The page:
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Christmas: A Time For Logistical Nightmares

, , , , | Related | June 13, 2018

(The following unfolds over several years of my family trying to “organize” Christmas. Three aunts have somehow become the ones who lead the “vote” with all the aunts and uncles on how to plan things, a vote which somehow usually happens after my parents — who live four hours away — have had to leave. One year:)

Aunt #1: “So, I don’t want to do the ‘draw a name from a hat’ exchange this year. It’s not fair!”

Aunt #2: “Why? Everyone buys one gift under $20. You don’t have to draw a name if you don’t put yours in. The kids have a separate name draw, and your son is an adult so you don’t have to buy for any kids, anyway.”

Aunt #1: “Because my son and his wife are poor, and with the new baby, everyone gave them extra presents last year and they felt bad! They can’t buy presents for everyone in return, so people shouldn’t give them anything!”

Aunt #3: “But… those were because it’s the first baby in ten years and we wanted to spoil her. They don’t have to buy anything in return.”

Aunt #1: “It made them feel bad. It was rude. If everyone wants to give them presents, everyone should give everybody else presents. But not so expensive…”

(Which is how the next year we ended up with a system where every family member had to buy EVERYONE a gift, under $5. Since it’s a big family, that put each of us — kids included — on the hook for over $50. And we each ended up with piles of cheap junk nobody wanted. The next year:)

Aunt #1: “We need to figure out something better for Christmas. My son can’t afford to buy gifts for everyone again!”

Aunt #2: “Why don’t we go back to the old system? If he doesn’t want to, he doesn’t have to participate. Then he won’t have to buy anything!”

Aunt #1: “NO. That would make him look cheap! I have a better idea…”

(The next year, the adults don’t exchange names, but instead pick a child’s name from the hat. Since there are more kids than adults, some adults are randomly picked to have to buy for multiple kids. [Aunt #1]’s son gets stuck buying three gifts for other kids while only getting one for his own daughter. The next year:)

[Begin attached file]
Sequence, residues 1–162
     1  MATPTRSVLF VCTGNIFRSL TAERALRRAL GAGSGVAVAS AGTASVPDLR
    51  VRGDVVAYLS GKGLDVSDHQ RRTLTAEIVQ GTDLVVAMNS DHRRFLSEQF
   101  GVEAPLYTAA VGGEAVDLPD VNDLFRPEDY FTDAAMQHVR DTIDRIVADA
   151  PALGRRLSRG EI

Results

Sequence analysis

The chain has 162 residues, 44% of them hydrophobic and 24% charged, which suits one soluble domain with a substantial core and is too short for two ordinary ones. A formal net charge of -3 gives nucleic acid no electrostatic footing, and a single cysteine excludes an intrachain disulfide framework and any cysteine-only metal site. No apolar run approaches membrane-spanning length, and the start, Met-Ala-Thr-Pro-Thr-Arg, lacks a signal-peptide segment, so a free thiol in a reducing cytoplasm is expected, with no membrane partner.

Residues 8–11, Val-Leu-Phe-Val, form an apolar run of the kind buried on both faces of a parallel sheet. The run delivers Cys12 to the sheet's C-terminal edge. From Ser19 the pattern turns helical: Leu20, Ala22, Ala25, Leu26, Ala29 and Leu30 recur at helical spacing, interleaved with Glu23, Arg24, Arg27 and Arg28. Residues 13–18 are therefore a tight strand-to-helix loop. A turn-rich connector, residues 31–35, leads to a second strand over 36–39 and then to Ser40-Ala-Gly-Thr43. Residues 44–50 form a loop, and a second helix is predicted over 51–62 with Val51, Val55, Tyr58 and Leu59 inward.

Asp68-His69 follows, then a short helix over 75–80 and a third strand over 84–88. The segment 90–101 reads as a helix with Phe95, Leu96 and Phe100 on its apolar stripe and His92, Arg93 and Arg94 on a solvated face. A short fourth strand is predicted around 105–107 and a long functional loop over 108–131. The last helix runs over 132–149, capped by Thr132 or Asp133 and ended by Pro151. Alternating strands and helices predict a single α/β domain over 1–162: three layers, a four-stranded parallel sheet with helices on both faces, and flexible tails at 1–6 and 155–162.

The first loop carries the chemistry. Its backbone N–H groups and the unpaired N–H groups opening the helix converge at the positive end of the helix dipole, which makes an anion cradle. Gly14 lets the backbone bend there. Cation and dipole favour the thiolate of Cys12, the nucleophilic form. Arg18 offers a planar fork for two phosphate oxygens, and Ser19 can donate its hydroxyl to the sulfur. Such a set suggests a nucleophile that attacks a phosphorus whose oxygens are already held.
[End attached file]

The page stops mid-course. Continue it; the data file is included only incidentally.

Aunt #1: “Christmas was so unfair! My son was so upset that he had to buy three toys and only got one back. He couldn’t afford to get anything for his own daughter!”

Aunt #3: “We would all love to buy things for her! She’s still the only little one and I love shopping for little girl clothes and toys.”

Aunt #1: “NO, that makes them feel like you’re saying they can’t afford nice things and aren’t raising her right! We just need to limit who is in the gift exchange more so there aren’t as many kids to buy for.”

Aunt #2: “How? We could put the age cut-off at 18, or high school graduation.”

Aunt #1: “I’ve been thinking about this, and I have a plan…”

(I live far away, and my parents later told me that the aunts had decreed that only kids would exchange names, with each other, so every family would only buy as many gifts as they get. But they limited the pool of kids by decreeing that anyone not in school was not allowed to exchange presents. As the only one of the “kids” who had just finished college — I know, pretty old, but I was the oldest of that generation of grandchildren — that only cut me out. I was sad to be excluded, but figured it was fair, as my next youngest cousin was only a year behind and soon we would both be out. But no, [Aunt #1] decreed that since she was thinking of going to grad school, she would still be in the exchange until she graduated again. She went to nursing school for six years, so was allowed in the “kids” exchange until she was 28. The next cousin after her was taking a class through the community college, so he got to stay in, too. For seven years, I was the only one of the grandchildren not allowed in the “kids” drawing. And [Aunt #1]’s son continued to get piles of presents every year from then on for his daughter, since he complained constantly and loudly about not being able to afford anything for her. And that’s the story about how I got voted out of Christmas because my adult male cousin felt bad that his daughter was getting too many presents.)

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